In short, having someone else look over your shoulder will give you peace of mind knowing that everything is being taken care of.
7. Be aware of phishing scams
Phishing emails are often used to steal information like usernames and passwords. They come disguised as something legitimate but instead contain malicious links or attachments. If you receive suspicious email messages, report them immediately to your IT department or flag them in your Outlook or Google Workspace.
8. Don’t forget about social media
Social media platforms like Facebook and Twitter provide many opportunities for organizations to connect with donors, volunteers, members, supporters, etc., but they also present risks. Make sure you know what type of content is allowed on these sites and monitor comments made by others. You should be able to easily identify inappropriate posts and remove them before they become public.
9. Keep your donor data safe
Nonprofits don’t accumulate wealth, but they do have to generate revenue to keep their projects going. These involve fundraising events and donation platforms. However, donation platforms aren’t always secure, especially with the influx of online activity during the pandemic. So ensuring your revenue channels are secure is a must.
A good donation platform should use high-level encryption, at least SSL or TLS encryption. This will encrypt information that has been entered and will secure any checkout processes as well. Multi-factor authentication is also a useful implementation for donors on their end. Try to acquire a donation platform that offers multi-factor authentication for users and those who enter personal information.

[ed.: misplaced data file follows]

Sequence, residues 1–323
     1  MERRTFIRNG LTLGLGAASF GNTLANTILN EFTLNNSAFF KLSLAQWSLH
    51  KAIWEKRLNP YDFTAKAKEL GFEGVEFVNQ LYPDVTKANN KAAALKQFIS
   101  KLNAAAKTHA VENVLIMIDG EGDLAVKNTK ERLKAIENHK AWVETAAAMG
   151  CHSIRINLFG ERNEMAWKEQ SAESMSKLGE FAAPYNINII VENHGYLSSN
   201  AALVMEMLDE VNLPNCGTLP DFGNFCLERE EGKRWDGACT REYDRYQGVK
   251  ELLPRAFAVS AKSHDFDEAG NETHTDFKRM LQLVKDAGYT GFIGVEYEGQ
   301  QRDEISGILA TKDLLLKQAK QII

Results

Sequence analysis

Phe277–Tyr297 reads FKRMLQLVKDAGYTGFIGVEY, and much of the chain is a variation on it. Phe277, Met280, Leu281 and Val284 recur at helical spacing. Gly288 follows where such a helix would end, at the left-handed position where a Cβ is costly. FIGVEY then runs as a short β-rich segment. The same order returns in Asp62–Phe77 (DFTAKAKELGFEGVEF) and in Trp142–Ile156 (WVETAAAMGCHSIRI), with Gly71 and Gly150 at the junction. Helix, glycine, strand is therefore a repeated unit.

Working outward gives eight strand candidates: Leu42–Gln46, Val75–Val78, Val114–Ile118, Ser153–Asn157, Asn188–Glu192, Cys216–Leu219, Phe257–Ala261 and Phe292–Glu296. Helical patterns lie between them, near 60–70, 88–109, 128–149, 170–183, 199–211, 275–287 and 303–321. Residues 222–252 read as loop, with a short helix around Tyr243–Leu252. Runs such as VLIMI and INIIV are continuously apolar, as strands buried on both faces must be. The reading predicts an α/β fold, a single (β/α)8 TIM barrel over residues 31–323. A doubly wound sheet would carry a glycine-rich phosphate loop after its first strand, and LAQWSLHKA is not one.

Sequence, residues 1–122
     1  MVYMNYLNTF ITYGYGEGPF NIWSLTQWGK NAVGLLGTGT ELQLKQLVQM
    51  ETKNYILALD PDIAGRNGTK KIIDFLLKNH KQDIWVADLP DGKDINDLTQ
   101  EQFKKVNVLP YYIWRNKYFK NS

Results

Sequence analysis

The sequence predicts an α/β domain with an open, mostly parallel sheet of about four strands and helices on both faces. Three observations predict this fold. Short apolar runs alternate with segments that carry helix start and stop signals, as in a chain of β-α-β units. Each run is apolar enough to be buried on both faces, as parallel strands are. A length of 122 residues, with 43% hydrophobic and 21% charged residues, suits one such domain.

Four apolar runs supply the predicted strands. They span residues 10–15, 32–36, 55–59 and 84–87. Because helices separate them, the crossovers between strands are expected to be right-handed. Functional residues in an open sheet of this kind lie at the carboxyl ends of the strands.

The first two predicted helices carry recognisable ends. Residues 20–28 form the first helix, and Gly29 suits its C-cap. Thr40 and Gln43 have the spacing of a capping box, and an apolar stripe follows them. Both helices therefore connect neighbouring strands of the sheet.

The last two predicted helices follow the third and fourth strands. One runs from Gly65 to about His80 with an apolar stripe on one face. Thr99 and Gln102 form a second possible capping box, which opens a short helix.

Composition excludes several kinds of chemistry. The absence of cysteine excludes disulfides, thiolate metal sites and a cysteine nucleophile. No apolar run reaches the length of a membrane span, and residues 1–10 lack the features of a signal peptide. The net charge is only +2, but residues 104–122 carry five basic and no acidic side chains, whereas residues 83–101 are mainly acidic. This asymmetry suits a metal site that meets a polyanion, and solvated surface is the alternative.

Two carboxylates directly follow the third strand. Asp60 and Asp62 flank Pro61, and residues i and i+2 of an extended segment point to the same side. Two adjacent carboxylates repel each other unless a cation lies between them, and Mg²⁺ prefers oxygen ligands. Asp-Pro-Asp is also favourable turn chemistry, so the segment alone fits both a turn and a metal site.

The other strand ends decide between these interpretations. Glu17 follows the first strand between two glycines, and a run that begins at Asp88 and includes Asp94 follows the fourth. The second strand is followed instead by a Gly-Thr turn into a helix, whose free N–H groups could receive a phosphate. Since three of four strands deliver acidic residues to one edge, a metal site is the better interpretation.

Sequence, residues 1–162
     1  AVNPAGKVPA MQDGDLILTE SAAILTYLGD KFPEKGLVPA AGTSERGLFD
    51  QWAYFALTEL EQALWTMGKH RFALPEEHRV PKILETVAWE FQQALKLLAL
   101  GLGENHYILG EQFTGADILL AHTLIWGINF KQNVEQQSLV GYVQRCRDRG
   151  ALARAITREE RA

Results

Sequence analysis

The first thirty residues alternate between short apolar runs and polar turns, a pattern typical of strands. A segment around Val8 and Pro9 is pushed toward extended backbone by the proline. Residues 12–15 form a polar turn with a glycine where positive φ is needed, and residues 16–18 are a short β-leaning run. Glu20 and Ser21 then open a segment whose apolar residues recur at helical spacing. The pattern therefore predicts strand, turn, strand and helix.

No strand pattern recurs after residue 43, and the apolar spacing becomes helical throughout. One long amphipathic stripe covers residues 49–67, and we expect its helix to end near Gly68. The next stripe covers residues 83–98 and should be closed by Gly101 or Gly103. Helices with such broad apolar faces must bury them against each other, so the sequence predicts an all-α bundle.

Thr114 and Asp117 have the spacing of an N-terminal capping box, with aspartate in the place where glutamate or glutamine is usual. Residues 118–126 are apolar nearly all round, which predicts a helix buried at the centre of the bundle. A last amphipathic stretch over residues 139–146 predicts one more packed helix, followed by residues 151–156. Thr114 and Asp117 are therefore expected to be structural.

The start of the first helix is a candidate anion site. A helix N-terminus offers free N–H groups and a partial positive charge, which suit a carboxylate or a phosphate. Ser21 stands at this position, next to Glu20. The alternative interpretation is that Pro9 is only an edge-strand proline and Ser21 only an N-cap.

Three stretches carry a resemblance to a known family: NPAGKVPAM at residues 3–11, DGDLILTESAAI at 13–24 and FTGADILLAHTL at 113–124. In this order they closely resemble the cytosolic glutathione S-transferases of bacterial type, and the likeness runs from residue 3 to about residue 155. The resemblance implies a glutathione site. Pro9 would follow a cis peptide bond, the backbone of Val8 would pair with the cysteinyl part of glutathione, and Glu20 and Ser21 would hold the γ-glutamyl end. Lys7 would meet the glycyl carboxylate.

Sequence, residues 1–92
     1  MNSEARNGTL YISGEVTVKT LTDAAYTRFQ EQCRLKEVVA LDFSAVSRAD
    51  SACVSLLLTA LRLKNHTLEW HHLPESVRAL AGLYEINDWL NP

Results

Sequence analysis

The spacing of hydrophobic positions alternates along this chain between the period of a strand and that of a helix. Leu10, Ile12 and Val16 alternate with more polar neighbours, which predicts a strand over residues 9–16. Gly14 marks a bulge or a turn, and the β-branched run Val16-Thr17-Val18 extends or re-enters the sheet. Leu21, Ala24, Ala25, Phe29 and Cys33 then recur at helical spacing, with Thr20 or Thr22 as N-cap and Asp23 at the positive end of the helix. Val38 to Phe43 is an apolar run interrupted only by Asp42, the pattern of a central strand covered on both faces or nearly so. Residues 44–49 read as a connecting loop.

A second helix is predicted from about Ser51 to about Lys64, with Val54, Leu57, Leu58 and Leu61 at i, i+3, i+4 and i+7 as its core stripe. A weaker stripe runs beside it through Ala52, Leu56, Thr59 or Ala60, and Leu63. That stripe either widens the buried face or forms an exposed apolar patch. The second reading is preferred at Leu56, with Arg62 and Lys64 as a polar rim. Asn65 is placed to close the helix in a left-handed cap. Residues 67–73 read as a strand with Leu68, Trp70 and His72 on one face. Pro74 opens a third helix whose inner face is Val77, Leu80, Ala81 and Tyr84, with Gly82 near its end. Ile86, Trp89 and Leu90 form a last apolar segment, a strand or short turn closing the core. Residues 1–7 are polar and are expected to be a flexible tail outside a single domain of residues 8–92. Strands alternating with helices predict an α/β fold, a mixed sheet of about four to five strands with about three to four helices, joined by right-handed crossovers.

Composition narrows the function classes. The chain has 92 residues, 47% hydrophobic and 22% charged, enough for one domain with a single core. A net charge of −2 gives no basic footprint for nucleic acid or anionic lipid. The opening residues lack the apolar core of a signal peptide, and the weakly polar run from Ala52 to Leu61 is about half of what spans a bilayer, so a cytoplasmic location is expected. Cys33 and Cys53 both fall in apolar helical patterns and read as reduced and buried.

As much as you are securing the revenue, you are also securing your donors’ data. Donors risk a lot by giving nonprofits their personal information. Donors are easy targets for hackers who are after money. So as a nonprofit, you are obligated to give your donors the best security possible.
Understand the Risk
Nonprofits have the huge responsibility of delivering their missions and aid to their beneficiaries.
At the same time, they have to care for the data of the donors and staff who are supporting their missions. While nonprofits dedicate their time and energy to ensuring these get done (and rightly so!), that doesn’t mean security should be neglected.
In conclusion, we hope this guide has helped you understand some basic steps to take when planning your organization’s cybersecurity strategy.
There is a long list of reasons nonprofits have to keep their cybersecurity game at top performance and ensure layers of security. But the biggest reason has to be for the benefit of all the people a single nonprofit benefits.
So if your nonprofit needs to increase its cybersecurity, especially in this remote and online environment, don’t waste any time beginning to do so. Hackers certainly don’t waste theirs.